The exit poll based on surveys of voters at 130 polling stations across Britain by NOP and Mori.

Despite the uncertainty, California Gov. Arnold Schwarzenegger – a known supporter of Cameron – said on his Twitter feed he’d already called the Tory leader to congratulate him.
‘Just called @davidcameron to congratulate him on the victory. Even though results aren’t in we know the Conservatives had a great day,’ @Schwarzenegger wrote.

• Source(s): Sky News / BskyB / News Corp.

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23
Apr
10

Harry Reid moves forward with first financial reform vote

NEWS
Harry Reid moves forward with first financial reform vote

Friday, April 23, 2010

Senate Majority Leader Harry Reid says he’ll try to move a financial reform bill to the floor today–and if the Republicans object, as they’ve threatened to do, he’ll force them to take a tough vote on whether to allow debate on legislation to regulate Wall Street.

“If they let us move to it, I’d be happy to do that,” Reid said at a press conference with Democratic leadership this afternoon. “If they don’t … I’m filing cloture [and we’ll] have a cloture vote on Monday, 5:15.”

That won’t please the GOP. Just before the Democrats’ press conference, Sen. Susan Collins (R-ME), whose vote is still in play on financial reform, implored Reid not to move ahead until a final bipartisan agreement is reached.

“I hope that Senator Reid abandons his plan to force a premature cloture vote on Monday,” Collins told reporters. “I think that would be unfortunate in view of the fact that both sides of the negotiations say that progress is being made.”

Reid is undeterred. “I have been around for quiet a while,” he said. “What we have done on financial reform was just as energetic as what we did on health care. We worked for more than two months with [Sen. Richard] Shelby trying to come up with something … I’m not going to waste any more time of the American people while they come up with some agreement.”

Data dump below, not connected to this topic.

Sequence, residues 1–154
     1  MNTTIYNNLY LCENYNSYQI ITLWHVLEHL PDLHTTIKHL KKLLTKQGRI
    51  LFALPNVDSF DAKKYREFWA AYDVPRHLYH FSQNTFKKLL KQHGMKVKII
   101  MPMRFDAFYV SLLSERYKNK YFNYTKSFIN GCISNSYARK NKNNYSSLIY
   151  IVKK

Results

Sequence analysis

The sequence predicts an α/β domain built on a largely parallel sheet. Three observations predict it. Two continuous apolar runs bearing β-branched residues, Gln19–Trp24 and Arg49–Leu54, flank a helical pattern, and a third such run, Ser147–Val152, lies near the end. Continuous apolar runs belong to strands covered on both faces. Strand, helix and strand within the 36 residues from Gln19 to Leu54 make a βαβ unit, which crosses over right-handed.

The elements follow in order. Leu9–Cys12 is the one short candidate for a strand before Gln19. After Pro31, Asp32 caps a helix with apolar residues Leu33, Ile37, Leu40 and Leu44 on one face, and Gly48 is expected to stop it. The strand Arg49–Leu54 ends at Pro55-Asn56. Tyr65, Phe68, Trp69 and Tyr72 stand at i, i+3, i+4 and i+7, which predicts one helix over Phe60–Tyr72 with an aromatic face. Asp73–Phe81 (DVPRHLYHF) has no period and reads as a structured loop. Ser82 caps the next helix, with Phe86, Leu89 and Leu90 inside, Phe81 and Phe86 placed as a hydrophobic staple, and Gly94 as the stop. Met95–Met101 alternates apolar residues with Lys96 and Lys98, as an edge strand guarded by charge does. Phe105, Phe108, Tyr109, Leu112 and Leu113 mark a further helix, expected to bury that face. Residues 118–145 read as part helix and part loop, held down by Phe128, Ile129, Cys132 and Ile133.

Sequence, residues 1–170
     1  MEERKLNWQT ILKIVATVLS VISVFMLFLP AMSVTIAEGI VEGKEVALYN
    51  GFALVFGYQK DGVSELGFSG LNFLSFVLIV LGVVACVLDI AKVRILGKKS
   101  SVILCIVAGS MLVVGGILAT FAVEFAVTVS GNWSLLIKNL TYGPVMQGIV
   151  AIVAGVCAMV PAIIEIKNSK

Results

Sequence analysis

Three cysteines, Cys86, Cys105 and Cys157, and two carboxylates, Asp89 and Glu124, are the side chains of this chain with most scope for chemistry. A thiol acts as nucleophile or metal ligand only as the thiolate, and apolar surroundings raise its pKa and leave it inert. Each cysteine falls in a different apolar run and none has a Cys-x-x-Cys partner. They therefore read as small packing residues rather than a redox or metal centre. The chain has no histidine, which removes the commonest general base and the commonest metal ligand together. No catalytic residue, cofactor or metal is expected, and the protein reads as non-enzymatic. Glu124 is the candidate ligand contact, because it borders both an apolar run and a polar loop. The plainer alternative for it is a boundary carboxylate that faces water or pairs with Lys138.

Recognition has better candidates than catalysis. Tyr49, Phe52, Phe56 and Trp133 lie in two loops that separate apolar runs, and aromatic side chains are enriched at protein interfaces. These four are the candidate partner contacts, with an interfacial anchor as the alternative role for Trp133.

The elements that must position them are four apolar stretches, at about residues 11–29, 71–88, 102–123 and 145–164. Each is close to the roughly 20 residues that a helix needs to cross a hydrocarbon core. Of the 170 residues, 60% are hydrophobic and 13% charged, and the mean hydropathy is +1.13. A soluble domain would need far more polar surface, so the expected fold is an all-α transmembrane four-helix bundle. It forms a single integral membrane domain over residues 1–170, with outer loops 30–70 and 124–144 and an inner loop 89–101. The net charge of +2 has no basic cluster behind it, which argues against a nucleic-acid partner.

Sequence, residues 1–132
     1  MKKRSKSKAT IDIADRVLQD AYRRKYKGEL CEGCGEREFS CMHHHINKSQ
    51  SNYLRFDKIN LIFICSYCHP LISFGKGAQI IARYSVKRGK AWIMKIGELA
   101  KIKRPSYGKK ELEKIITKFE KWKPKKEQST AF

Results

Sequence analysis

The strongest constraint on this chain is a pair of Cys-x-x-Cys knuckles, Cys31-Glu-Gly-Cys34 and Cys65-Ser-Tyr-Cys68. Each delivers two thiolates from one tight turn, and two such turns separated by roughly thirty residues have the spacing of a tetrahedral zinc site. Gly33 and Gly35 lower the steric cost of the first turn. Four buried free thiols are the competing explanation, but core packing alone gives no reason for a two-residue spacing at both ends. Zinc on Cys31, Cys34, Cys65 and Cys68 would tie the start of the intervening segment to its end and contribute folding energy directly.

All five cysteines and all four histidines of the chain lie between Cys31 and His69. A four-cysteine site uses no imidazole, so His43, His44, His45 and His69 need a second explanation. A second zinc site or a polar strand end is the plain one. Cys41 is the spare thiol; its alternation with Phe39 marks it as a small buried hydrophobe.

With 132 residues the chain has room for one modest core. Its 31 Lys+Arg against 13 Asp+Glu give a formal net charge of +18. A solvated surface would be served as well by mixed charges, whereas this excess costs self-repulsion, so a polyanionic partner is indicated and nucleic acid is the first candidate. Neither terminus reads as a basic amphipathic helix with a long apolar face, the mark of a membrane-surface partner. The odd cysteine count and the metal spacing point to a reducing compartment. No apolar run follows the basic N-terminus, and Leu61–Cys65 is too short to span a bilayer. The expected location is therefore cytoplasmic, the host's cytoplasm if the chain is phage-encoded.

“The games of stalling are over,” Reid said.

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22
Apr
10

President Obama seeks reform buy-in from Wall Street

NEWS
President Obama seeks reform buy-in from Wall Street
The President Speaks to Wall Street, Republicans, and All of America

Thursday, April 22, 2010

Barack Obama has railed at unfettered corporate greed as he laced a defining pitch for U.S. financial reform with stark warnings of future economic meltdowns if the bid fails.

Just blocks from Wall Street, the epicentre of high finance in the United States, the president sent a tough message to financial barons, American voters and Republican opponents critical of his plans.

Obama recalled how he had visited the historic college at Cooper Union during his election campaign to warn of the dangers of corporate excess.

‘And I take no satisfaction in noting that my comments then have largely been borne out by the events that followed,’ he told an audience of banking notables, including Lloyd Blankfein, chief executive of fraud-tainted titan Goldman Sachs, on Thursday.

‘But I repeat what I said then, because it is essential that we learn the lessons of this crisis, so we don’t doom ourselves to repeat them. Make no mistake, that is exactly what will happen if we allow this moment to pass.’

Obama assured investors he believed in the ‘power of the free market’ and a ‘strong financial sector that helps people to raise capital and get loans and invest their savings’.

‘But a free market was never meant to be a free licence to take whatever you can get, however you can get it.

‘Some on Wall Street forgot that behind every dollar traded or leveraged, there is a family looking to buy a house, to pay for an education, open a business, save for retirement.

‘What happens on Wall Street has real consequences across the country, across our economy.’

Obama urged Wall Street bosses to call off armies of lobbyists trying to thwart what he has promised will be the most sweeping regulatory reform drive since the 1930s Great Depression.

As Democrats and Republicans spar over the final shape of the financial regulatory legislation, Obama argued that middle-ground could be found on the draft law.

Plans include protections for taxpayers should one financial institution pose a systemic risk to the whole economy if it failed, and limits on the size of corporate entities.